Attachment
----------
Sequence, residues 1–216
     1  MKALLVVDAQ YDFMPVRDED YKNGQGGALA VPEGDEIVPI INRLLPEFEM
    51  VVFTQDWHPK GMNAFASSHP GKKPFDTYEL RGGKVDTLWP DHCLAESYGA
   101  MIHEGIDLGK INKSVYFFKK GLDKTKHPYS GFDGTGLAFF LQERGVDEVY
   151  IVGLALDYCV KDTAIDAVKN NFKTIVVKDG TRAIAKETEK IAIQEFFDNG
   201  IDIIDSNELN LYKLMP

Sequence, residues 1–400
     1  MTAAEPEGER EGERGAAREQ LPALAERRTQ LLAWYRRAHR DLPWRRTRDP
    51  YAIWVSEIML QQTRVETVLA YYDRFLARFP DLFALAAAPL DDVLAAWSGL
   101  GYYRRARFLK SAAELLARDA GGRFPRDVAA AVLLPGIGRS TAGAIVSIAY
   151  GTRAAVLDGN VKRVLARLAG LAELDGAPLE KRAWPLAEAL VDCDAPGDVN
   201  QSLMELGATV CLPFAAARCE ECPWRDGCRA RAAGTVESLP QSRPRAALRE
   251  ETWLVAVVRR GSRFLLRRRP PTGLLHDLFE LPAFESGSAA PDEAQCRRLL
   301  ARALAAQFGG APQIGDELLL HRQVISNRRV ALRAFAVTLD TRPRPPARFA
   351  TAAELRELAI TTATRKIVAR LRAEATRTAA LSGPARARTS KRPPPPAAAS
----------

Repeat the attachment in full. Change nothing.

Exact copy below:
Sequence, residues 1–216
     1  MKALLVVDAQ YDFMPVRDED YKNGQGGALA VPEGDEIVPI INRLLPEFEM
    51  VVFTQDWHPK GMNAFASSHP GKKPFDTYEL RGGKVDTLWP DHCLAESYGA
   101  MIHEGIDLGK INKSVYFFKK GLDKTKHPYS GFDGTGLAFF LQERGVDEVY
   151  IVGLALDYCV KDTAIDAVKN NFKTIVVKDG TRAIAKETEK IAIQEFFDNG
   201  IDIIDSNELN LYKLMP

Sequence, residues 1–400
     1  MTAAEPEGER EGERGAAREQ LPALAERRTQ LLAWYRRAHR DLPWRRTRDP
    51  YAIWVSEIML QQTRVETVLA YYDRFLARFP DLFALAAAPL DDVLAAWSGL
   101  GYYRRARFLK SAAELLARDA GGRFPRDVAA AVLLPGIGRS TAGAIVSIAY
   151  GTRAAVLDGN VKRVLARLAG LAELDGAPLE KRAWPLAEAL VDCDAPGDVN
   201  QSLMELGATV CLPFAAARCE ECPWRDGCRA RAAGTVESLP QSRPRAALRE
   251  ETWLVAVVRR GSRFLLRRRP PTGLLHDLFE LPAFESGSAA PDEAQCRRLL
   301  ARALAAQFGG APQIGDELLL HRQVISNRRV ALRAFAVTLD TRPRPPARFA
   351  TAAELRELAI TTATRKIVAR LRAEATRTAA LSGPARARTS KRPPPPAAAS